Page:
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Authoritarian Advance: Responding to China’s Growing Political Influence in Europe

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  • Authoritarian Advance: Responding to China’s Growing Political Influence in Europe

    Intersting read. It's not a new topic but it is good to see China's strategy towards Europe being monitored and brought to wider public attention.


    In the media:

  • #2
    Russia : been there, done that : )

    The Germans & French seem up to speed. Public education makes people aware

    The Brits are a little more relaxed about it

    But if ASEAN serves as an example it only requires one member to refuse China critical lines in a joint statement

    Look at the more vulnerable EU members. The bigger ones can handle it.
    Last edited by Double Edge; 18 Feb 18,, 17:54.


    • #3
      Similar things are going in America too.

      - - - -

      Chinese Government Gave Money to Georgetown Chinese Student Group
      Growing party influence on campuses nationwide has cast a pall over academic freedom.

      Founded in the early 2000s, the Georgetown University Chinese Students and Scholars Association hosts an annual Chinese New Year gala, organizes occasional academic forums, and helps Chinese students on campus meet and support each other. The group has also accepted funding from the Chinese government amounting to roughly half its total annual budget, according to documents and emails obtained by Foreign Policy.

      The total sum may not be large, but the documents confirm a link between the Chinese government and Chinese student organizations on American campuses that is often suspected but difficult to verify.

      A budget request submitted by the Georgetown University CSSA to the school’s graduate student government in September 2011 disclosed that the group received $800 each semester that school year from the Chinese Embassy in Washington, D.C. The group requested an additional $750 each semester from the university on top of the money it received from the embassy.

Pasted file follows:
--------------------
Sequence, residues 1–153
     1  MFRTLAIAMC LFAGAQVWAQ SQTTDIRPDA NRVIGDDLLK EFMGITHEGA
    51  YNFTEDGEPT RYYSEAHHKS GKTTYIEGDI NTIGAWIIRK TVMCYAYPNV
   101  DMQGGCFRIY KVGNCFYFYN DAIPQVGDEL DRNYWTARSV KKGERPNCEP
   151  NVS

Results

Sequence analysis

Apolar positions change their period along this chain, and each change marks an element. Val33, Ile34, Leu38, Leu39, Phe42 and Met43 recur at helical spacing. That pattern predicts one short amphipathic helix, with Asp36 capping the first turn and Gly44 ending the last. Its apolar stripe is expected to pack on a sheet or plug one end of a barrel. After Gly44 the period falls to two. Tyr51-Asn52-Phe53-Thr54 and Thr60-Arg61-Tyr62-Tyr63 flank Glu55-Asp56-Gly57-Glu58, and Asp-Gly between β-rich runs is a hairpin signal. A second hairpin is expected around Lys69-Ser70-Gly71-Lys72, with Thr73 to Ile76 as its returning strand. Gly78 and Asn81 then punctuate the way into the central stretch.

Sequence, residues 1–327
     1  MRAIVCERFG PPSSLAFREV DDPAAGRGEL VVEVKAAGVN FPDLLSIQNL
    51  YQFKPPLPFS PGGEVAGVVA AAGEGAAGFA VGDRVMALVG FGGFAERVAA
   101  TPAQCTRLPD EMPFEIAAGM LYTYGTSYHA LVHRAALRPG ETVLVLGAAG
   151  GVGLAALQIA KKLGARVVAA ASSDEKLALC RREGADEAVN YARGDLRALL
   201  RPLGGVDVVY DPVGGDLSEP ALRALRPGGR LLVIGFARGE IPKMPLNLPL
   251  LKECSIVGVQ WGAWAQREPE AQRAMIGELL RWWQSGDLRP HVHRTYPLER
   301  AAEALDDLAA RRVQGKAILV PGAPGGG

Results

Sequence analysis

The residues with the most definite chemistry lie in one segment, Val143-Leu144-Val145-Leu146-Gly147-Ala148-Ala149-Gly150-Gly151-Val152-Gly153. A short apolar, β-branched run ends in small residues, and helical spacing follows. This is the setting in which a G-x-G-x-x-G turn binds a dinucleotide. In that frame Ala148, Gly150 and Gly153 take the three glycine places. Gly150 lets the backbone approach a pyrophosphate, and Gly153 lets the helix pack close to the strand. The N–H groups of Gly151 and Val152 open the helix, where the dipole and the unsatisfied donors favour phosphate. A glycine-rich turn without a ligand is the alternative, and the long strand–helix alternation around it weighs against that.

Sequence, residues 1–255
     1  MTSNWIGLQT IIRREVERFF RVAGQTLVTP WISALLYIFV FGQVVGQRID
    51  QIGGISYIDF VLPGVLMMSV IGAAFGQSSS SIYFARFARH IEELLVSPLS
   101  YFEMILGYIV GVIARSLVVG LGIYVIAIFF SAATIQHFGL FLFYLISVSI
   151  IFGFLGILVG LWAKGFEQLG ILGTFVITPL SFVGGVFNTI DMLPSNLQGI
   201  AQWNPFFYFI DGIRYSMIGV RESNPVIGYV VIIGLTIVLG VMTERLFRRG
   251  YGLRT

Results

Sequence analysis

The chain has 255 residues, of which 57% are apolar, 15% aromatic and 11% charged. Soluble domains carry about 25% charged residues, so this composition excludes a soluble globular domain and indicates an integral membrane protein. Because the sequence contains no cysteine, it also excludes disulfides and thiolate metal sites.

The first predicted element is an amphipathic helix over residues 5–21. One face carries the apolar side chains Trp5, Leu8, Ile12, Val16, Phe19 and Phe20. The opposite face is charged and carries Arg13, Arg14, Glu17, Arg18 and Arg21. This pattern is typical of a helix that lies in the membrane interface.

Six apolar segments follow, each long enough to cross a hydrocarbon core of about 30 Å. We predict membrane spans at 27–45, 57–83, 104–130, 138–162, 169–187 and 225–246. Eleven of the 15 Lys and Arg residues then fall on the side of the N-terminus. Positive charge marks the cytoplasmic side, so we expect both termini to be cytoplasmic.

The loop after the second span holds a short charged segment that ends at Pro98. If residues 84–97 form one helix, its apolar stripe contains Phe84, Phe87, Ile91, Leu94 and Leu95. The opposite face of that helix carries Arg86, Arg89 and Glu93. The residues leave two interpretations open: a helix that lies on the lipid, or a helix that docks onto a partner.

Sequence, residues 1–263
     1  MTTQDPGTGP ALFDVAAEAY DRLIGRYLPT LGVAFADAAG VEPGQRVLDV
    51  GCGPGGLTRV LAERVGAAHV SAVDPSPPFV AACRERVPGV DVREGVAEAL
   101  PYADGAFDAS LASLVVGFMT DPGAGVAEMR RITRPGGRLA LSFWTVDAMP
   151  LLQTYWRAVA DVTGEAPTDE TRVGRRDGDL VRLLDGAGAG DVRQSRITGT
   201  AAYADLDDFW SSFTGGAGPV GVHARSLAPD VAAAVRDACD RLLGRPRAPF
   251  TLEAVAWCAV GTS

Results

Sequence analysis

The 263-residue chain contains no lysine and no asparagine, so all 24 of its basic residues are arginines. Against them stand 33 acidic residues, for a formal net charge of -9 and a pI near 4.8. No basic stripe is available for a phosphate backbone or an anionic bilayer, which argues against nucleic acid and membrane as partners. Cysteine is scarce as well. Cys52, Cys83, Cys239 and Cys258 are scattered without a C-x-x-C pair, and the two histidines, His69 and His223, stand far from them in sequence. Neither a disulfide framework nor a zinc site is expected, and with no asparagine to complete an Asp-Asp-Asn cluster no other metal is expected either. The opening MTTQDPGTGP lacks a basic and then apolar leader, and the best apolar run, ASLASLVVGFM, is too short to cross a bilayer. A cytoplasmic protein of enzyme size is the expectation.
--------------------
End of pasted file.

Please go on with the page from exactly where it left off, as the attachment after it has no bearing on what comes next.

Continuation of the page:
The disclosure of Chinese government funding came after a question on the budget request form asking if the club received any outside sources of funding. The group said that the government funding was used to host events, such as the annual Chinese New Year party.

      The funding has not been previously made public; copies of the documents were provided to FP by a source concerned about Chinese Communist Party influence on university campuses.

      The FBI shares that concern. Yesterday, at an annual open hearing at the Senate intelligence committee, in response to a question about the national security risk posted by Chinese international students, FBI Director Chris Wray said, “The use of nontraditional collectors, especially in the academic setting — whether it’s professors, scientists, students — we see in almost every field office that the FBI has around the country.”

      Chinese Students and Scholars Associations first appeared in the United States in the 1980s, as international students from China began attending American universities. Now Chinese students, numbering close to 330,000, comprise the largest group of international students in the United States. There are now around 150 CSSA branches in the United States, and many more around the world; the organizations share a name but no central organization or headquarters. Other Chinese student organizations do exist — the Chinese Student Association at the University of California, Berkeley, for example, was founded in 1951 and is independent — but most have been overshadowed by the proliferation of CSSAs.

      The primary function of CSSAs is to help Chinese students adjust to life in a foreign country, to bring Chinese students together on campus, and to showcase Chinese culture. The groups typically host events such as annual galas, holiday celebrations, and academic forums.